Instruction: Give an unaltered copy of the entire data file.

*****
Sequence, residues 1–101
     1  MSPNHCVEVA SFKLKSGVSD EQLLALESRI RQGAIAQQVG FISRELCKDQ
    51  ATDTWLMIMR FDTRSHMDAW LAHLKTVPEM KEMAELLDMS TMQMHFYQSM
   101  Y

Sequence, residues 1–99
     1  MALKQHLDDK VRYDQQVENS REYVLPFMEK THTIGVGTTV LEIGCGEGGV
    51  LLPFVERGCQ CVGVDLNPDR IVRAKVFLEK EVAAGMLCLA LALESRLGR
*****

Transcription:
Sequence, residues 1–101
     1  MSPNHCVEVA SFKLKSGVSD EQLLALESRI RQGAIAQQVG FISRELCKDQ
    51  ATDTWLMIMR FDTRSHMDAW LAHLKTVPEM KEMAELLDMS TMQMHFYQSM
   101  Y

Sequence, residues 1–99
     1  MALKQHLDDK VRYDQQVENS REYVLPFMEK THTIGVGTTV LEIGCGEGGV
    51  LLPFVERGCQ CVGVDLNPDR IVRAKVFLEK EVAAGMLCLA LALESRLGR